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How to measure and interpret implied volatility for trading options

Chart Source: Options Play Book

- Spot price of the stock
- Options strike price
- Historical Volatility (standard deviation)
- Time to expiry
- Yield on government bond

A change in any of these factors changes the value of the option. But the most important factor to understand is volatility. The volatility of the stock impacts the value of the call option and the put option positively. That means; greater the volatility, greater the chances of making profit for the buyer and hence greater the option value. That is why options tend to become more valuable in volatile times.
**Moving over to implied volatility**
To understand implied volatility, let us stay on with the Black & Scholes formula. In the Black and Scholes formula you use historical volatility and then use the above formula to calculate the value of an option. Then you decide whether the option is underpriced or overpriced. When you calculate the implied volatility, you do a bit of reverse engineering. You use the same formula but you don’t calculate option value. Instead you take the market price of the option as its intrinsic value and then work backward and calculate the volatility. This is the volatility that is implied in the option price and is called the implied volatility. We shall later see why this concept is so important and how to apply this in practice in option trading.
**Interpreting implied volatility for options trading**
The whole purpose of understanding the concept of implied volatility of an option is to get some important cues on how to trade that option. Implied volatility is a measure of implied risk that traders are imputing in the option price. Let us look at the live option chain of Reliance Industries to understand IVs.
Each strike of Reliance has distinct IVs for calls and for puts. Normally, IVs are relevant only when there are sufficient volumes. Here is how you must go about interpreting IVs.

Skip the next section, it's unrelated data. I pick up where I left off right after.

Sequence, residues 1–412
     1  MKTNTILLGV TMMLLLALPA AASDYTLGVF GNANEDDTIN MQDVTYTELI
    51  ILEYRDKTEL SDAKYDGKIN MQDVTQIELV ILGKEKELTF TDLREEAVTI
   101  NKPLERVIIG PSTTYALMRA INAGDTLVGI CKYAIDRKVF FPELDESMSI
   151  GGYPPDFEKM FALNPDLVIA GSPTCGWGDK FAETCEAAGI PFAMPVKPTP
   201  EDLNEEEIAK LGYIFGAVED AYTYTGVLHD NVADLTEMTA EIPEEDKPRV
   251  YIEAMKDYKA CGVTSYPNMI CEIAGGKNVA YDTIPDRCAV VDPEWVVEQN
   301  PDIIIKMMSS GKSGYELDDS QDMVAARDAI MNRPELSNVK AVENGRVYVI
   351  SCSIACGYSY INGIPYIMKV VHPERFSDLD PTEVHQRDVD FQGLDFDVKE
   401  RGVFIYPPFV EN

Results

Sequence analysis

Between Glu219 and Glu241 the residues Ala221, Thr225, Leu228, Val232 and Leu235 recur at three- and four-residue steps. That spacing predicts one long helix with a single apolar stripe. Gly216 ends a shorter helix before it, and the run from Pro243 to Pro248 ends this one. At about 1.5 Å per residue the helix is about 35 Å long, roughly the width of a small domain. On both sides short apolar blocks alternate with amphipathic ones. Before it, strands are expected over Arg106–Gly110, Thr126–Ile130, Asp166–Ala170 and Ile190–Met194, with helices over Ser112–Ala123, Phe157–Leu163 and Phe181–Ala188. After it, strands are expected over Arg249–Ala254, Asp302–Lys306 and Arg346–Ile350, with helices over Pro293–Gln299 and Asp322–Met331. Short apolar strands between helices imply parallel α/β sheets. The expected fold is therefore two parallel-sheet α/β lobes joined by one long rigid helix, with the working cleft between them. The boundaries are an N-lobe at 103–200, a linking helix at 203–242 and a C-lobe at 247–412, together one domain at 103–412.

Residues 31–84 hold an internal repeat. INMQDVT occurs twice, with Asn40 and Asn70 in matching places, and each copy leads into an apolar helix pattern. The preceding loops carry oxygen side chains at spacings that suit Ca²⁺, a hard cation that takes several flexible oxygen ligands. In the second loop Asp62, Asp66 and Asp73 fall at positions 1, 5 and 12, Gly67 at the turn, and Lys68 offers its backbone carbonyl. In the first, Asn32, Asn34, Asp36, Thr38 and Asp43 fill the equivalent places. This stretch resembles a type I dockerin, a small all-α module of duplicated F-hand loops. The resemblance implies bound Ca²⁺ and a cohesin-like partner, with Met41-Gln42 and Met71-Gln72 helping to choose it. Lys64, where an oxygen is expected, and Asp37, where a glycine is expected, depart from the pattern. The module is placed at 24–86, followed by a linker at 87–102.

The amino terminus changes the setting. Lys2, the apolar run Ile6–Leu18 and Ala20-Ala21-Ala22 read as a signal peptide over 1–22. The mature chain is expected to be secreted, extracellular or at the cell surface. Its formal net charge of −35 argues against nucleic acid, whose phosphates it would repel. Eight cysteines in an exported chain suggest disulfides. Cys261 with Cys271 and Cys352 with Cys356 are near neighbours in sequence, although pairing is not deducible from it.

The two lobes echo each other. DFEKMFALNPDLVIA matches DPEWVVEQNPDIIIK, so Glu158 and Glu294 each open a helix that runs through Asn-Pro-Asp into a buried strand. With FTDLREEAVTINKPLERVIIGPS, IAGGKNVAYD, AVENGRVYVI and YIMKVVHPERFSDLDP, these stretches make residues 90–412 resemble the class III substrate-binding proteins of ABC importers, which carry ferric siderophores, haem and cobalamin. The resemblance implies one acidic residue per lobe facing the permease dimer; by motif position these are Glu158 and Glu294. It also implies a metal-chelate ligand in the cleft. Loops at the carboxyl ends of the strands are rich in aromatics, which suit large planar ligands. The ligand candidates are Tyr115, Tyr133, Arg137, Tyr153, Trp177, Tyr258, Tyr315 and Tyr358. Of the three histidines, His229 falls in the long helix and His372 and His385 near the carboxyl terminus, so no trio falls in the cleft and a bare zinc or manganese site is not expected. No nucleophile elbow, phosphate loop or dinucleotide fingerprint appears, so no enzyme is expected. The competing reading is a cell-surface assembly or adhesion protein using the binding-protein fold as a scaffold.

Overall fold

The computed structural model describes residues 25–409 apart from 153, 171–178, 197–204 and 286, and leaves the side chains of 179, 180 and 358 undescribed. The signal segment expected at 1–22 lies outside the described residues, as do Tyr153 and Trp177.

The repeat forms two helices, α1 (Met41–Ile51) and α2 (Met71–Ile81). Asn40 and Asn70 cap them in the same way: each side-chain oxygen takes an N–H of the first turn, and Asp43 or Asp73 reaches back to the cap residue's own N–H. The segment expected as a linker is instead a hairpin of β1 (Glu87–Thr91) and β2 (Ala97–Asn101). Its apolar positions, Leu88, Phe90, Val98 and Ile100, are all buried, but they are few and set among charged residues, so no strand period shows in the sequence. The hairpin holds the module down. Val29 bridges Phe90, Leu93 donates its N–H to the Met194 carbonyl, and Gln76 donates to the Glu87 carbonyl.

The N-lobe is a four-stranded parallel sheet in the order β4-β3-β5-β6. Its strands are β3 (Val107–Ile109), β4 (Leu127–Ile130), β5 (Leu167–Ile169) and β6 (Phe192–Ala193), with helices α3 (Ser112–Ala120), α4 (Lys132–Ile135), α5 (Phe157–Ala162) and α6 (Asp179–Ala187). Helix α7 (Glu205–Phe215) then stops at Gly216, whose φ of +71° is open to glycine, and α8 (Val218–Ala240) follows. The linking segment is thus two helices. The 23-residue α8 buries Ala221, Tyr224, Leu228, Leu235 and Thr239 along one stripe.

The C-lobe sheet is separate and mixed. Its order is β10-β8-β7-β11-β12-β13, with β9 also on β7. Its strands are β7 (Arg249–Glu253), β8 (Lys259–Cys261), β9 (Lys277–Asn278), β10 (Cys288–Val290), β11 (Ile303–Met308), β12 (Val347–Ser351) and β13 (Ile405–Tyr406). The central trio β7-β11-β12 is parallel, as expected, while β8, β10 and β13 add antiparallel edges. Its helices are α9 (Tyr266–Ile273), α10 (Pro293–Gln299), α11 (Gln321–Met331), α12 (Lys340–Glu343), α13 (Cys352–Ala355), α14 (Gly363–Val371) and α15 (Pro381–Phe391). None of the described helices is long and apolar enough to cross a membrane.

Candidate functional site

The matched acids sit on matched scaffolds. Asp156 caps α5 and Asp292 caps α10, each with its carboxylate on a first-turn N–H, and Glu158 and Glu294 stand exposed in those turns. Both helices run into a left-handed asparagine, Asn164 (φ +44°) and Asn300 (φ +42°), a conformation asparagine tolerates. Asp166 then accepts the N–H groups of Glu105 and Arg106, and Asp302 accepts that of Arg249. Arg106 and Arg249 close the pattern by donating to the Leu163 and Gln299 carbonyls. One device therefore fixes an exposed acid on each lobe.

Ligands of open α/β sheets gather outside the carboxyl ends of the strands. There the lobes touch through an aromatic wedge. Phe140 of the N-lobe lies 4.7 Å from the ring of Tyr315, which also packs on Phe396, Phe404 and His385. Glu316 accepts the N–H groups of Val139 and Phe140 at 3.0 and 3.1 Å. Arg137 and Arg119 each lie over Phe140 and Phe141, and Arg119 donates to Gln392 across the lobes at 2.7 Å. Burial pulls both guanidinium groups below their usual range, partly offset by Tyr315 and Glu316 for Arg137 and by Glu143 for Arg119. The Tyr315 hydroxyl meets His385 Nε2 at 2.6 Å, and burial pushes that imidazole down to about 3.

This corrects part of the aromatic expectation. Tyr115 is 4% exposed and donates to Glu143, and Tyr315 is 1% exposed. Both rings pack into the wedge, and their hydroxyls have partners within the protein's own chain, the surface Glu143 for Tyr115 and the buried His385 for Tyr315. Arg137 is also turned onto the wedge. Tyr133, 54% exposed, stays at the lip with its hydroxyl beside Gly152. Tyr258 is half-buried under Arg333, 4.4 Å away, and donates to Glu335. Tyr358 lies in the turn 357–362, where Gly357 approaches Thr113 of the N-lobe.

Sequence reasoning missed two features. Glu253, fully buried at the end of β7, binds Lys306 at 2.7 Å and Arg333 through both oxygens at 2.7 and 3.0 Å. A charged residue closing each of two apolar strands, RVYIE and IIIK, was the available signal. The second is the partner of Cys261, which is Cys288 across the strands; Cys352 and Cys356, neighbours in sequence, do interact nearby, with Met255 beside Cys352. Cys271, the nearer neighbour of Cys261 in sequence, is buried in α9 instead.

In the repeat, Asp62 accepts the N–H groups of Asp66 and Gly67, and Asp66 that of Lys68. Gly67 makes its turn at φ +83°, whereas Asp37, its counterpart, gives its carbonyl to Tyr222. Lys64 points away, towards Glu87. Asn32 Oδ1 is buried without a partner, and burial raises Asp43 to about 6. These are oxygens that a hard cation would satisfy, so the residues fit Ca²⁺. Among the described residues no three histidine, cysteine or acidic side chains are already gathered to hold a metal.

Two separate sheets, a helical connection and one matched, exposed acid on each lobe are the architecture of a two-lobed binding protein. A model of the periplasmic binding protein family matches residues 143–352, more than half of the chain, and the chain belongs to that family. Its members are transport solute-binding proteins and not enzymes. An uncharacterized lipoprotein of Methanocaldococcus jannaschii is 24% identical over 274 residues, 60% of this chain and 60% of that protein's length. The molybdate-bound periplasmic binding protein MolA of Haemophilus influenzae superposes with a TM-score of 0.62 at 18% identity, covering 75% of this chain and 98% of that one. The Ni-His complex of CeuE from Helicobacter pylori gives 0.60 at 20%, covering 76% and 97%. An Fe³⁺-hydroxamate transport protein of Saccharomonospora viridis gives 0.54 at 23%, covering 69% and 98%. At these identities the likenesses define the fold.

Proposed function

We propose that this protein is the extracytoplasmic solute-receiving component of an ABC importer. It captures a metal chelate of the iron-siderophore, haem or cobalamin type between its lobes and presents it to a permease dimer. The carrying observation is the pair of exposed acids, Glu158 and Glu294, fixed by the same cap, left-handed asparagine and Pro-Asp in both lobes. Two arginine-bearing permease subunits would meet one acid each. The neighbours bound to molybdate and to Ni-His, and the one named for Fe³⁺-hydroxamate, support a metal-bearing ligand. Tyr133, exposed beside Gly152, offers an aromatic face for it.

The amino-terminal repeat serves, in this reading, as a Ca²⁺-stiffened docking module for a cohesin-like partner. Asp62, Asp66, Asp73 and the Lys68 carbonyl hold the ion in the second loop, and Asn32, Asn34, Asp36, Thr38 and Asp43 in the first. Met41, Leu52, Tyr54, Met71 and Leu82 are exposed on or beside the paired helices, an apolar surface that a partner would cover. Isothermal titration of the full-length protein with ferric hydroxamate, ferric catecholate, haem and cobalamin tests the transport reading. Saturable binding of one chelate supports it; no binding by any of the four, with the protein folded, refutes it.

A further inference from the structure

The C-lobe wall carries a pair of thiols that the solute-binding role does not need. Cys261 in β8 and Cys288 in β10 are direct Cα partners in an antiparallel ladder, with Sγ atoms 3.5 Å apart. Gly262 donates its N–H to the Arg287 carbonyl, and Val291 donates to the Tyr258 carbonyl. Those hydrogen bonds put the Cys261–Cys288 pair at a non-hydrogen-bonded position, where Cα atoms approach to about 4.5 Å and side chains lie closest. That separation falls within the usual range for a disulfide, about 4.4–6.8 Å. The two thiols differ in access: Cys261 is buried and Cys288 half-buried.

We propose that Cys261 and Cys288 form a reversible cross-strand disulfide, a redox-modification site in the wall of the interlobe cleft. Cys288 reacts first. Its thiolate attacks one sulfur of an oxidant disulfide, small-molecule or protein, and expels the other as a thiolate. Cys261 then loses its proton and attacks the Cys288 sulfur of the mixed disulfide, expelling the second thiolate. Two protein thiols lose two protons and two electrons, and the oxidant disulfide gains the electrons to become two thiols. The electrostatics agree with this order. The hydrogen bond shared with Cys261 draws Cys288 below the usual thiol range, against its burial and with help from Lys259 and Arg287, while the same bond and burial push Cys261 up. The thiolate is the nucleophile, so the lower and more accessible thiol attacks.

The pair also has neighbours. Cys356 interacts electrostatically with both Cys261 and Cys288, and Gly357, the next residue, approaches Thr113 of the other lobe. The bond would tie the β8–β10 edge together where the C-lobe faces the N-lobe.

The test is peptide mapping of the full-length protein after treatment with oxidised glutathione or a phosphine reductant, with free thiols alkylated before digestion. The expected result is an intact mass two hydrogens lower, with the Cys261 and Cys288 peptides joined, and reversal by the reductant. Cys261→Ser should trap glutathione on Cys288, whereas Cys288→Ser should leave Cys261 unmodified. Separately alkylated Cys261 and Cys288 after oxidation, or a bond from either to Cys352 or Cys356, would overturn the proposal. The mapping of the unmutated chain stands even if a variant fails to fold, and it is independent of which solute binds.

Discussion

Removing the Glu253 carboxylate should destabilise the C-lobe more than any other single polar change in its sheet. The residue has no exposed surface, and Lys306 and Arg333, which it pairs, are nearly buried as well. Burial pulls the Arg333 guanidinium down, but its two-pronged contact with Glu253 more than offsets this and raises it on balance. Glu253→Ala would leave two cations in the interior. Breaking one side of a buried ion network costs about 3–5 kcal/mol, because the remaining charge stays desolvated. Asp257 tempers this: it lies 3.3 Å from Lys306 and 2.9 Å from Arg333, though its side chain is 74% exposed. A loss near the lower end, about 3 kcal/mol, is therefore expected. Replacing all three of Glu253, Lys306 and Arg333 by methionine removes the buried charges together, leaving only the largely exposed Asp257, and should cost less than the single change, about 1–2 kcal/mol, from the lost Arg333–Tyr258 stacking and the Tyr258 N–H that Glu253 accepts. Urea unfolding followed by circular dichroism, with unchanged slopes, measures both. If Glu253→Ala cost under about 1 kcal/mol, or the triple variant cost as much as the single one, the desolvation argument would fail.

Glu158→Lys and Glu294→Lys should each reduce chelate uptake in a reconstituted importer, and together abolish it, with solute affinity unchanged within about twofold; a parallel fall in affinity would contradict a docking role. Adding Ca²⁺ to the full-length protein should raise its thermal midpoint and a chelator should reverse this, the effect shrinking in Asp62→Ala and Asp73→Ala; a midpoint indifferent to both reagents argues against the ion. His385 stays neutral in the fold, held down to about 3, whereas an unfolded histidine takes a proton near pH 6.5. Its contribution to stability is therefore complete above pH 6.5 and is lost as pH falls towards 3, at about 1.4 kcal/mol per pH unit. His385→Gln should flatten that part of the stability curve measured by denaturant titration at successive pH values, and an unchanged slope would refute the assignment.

Table Source: NSE

- From an options trader point of view, deep ITM IVs and deep OTM IVs don’t really matter. It is only the IVs of strike that are near to the spot price (ATM or Near-to-Money) that are really relevant for traders.

- Shifts in IV are normally a signal of how much risk traders are assigning to the stock. Normally, the representative IV is the mean IV of the ATM and near-to-money contracts. Rising IVs means markets are getting riskier and vice versa.

- Do low IVs imply bullishness? Firstly, the markets can sustain low volatility for some time and the IVs will need to converge toward the mean. Secondly, we have also seen volatility in puts going up when traders hedge too much and that leads to rise in value of puts and bearishness in the market.

- Traders often look at IV as a measure of market direction. It is not about bulls and bears but IV is purely about expected volatility. Increase in IV means that the expectation of volatility is going up.

- IVs are used for long Volatility (Long-Vol) and short volatility trades (Short-Vol). When you see IVs moving up it means expectations of volatility are going up and that is a good time to buy a straddle or strangle. Similarly, when IVs are drifting lower, it is time to play the (Short-Vol) trade by either selling straddles or strangles.

IV is one of the most important inputs for an options trader. Typically, options traders use a combination of cues from OI, PCR and IV to take create options positions.
**Disclaimer: The above opinion is that of Ms. Sneha Seth (Derivatives Analyst - Angel Broking) & is for reference only.**